At Brooklyn Bethel and Watchtower Farms in the mid 70s, the issue was not beards, but moustaches!
I remember shortly after I started learning how to operate a Smyth Sewing machine (for books, not clothes!) in the Factory overhearing the floor overseer Gary Ellis tell a more experienced operator why he had been moved away from the view of the tours. (This brother was missing the attention of the young sisters who would come through on tour and now he was back by the windows overlooking the Manhattan Bridge instead.) Gary Ellis explained that since this brother was now sporting a moustache he could not be up and front for the tours to see as he was not "a good example"! I still remember the disbelief in this young brother as Gary explained this to him. At the time, I was a self-righteous no-good Bethelite and I thought Gary was doing the right thing. This would have been late 1973 and I think Brooklyn "liberalized" about moustaches soon afterwards, however.
But, not Watchtower Farms. In 1975, I was transferred to Watchtower Farms and I well remember what some of us white brothers called "The Moustache Rebellion." The Farm Overseer, Harlan Mathes, was dyed-in-the wool against facial hair above the lip. The only guys who were tolerated with moustaches were African-American and Hispanic brothers because it was supposedly okay in their culture. Still, one black brother named Kyle who was originally from Queens was grilled about his moustache. He told us about the questioning. "None of the Governing Body have moustaches," he was told. His reply: "Do you want me to jump into a bleach vat, too?!" (This was before Sam Herd was appointed to the GB.) They gave up on trying to convert Kyle to shave it off. Late Spring, a couple of the Farm brothers decided they'd test the waters on this and started growing moustaches. By this time, I'd gotten less "theocratic" and felt that this was an unnecessary restriction on our Christian freedom. I even joined in this mini-rebellion, but my change in appearance was not immediately visible as I was still young and my facial hair grew slowly. At the Farm, however, it was not a question of possibly stumbling tours of brothers (some of whom already had moustaches!), but there was the hint we might get the boot if we continued in opposing Brother Mathes. The ringleader of our rebellion was called into Mathes' office and he recanted and at the noon meal we saw him clean shaven. We all soon abandoned the cause.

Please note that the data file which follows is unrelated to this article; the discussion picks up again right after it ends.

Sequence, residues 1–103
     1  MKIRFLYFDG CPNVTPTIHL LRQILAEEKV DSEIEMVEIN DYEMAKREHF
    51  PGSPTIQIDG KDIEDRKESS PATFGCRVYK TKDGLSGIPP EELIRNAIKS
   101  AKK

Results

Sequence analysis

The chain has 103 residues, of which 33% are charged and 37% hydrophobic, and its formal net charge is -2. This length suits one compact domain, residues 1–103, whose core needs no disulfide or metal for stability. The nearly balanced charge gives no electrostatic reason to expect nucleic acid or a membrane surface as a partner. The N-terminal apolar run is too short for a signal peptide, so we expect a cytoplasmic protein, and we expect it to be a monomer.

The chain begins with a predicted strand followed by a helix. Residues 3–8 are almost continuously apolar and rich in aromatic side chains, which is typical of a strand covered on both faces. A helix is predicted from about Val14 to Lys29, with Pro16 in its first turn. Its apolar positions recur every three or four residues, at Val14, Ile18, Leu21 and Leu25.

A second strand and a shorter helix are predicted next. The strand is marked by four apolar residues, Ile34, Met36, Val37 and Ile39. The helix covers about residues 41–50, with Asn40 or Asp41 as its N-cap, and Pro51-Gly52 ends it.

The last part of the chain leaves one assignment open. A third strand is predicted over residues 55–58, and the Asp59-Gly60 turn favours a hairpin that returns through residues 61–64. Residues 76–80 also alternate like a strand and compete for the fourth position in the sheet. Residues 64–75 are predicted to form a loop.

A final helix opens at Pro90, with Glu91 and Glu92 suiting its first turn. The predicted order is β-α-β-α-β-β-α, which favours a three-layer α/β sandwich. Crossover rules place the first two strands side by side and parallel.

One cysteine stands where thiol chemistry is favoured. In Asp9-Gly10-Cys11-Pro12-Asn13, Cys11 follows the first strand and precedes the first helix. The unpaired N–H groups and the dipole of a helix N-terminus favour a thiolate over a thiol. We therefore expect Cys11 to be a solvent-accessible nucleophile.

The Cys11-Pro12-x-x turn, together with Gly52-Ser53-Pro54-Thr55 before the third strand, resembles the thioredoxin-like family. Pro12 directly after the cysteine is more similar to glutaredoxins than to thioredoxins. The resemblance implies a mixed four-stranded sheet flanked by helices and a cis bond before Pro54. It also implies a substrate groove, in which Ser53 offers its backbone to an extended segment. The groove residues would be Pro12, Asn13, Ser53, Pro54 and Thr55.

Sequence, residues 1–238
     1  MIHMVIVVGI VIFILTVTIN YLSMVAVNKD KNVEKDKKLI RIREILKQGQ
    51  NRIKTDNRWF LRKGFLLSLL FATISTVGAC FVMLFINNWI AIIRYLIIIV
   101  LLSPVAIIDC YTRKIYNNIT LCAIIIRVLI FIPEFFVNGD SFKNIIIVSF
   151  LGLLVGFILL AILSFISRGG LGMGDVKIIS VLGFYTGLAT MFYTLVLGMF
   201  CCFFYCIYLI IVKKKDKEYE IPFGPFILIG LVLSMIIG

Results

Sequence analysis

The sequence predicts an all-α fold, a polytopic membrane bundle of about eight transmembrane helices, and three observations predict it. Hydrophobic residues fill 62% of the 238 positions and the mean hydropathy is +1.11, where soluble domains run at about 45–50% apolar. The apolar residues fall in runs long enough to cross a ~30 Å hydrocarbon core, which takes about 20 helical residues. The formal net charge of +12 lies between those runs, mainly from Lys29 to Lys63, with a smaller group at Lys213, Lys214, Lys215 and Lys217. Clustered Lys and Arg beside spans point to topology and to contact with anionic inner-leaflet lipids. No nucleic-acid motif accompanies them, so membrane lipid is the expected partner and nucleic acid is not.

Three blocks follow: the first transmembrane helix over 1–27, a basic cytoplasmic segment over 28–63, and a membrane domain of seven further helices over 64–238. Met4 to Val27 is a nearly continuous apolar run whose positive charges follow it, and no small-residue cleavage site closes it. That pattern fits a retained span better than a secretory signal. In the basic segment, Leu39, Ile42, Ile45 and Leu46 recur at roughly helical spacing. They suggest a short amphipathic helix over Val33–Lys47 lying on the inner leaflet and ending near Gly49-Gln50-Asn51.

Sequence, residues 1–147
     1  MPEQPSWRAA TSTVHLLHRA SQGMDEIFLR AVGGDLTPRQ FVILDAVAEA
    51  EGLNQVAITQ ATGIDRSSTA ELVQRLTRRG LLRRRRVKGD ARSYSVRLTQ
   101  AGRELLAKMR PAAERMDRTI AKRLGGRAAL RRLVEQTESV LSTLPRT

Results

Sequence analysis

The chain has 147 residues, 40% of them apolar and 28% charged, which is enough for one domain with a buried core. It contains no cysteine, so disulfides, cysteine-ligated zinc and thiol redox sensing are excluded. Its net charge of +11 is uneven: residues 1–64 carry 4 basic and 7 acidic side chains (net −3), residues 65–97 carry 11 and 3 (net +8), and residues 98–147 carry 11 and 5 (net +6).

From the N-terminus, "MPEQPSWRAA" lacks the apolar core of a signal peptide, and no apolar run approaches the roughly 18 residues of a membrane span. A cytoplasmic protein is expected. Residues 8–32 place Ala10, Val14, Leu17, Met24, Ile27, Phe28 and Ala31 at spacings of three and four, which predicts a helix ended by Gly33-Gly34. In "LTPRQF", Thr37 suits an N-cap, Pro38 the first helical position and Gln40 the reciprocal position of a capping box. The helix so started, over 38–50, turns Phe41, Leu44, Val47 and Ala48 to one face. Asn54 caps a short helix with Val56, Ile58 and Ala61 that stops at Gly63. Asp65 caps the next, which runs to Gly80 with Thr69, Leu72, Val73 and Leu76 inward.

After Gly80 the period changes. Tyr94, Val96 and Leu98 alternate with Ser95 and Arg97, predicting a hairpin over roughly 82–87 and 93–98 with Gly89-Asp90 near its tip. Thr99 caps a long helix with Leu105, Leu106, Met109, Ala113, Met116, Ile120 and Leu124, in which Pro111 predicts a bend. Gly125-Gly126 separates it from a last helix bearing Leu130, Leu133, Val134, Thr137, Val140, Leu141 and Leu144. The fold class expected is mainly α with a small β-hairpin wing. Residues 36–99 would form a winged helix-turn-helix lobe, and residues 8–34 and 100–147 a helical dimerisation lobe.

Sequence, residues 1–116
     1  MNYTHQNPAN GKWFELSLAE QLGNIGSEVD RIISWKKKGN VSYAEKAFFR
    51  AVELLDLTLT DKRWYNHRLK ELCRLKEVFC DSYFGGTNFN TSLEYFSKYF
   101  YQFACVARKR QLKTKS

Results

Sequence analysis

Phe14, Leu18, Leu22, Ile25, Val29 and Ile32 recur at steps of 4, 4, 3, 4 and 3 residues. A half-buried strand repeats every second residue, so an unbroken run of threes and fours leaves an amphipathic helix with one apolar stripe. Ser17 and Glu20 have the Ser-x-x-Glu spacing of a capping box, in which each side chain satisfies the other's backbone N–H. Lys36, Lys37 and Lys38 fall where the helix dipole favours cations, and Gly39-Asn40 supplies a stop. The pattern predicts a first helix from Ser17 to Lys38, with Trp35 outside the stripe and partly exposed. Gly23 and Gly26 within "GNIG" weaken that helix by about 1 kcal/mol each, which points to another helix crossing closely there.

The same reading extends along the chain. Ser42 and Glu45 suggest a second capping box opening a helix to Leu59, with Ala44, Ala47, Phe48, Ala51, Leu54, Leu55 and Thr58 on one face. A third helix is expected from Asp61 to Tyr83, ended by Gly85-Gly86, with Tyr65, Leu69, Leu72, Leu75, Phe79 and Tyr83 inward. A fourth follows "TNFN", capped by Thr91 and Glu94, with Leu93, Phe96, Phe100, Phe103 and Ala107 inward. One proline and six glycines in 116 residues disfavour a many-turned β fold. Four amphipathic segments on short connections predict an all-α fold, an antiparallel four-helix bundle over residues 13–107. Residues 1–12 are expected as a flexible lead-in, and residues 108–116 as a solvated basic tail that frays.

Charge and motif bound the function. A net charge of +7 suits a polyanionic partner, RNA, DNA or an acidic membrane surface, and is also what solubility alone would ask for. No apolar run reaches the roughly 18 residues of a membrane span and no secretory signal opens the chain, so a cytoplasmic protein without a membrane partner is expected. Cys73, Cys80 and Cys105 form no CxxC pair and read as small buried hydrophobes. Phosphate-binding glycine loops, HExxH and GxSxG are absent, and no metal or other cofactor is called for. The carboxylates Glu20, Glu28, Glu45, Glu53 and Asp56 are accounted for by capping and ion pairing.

A few months later, Mathes was replaced by Bob Lang, who was much more reasonable. I left the Farm soon thereafter, but I imagine the restriction on moustaches was relaxed before much longer.
In 1977, the best man at our wedding (in Eastern Oregon) was a Brooklyn Bethelite who sported a nice moustache. (Originally from our home area, he had grown it after arriving at Bethel.) My pioneer wife-to-be was stumbled when she saw it and asked him to shave it off in order to be in our wedding. (A mini-crisis the night before our wedding!) I defended him and his moustache and it still graces the pictures of our wedding day!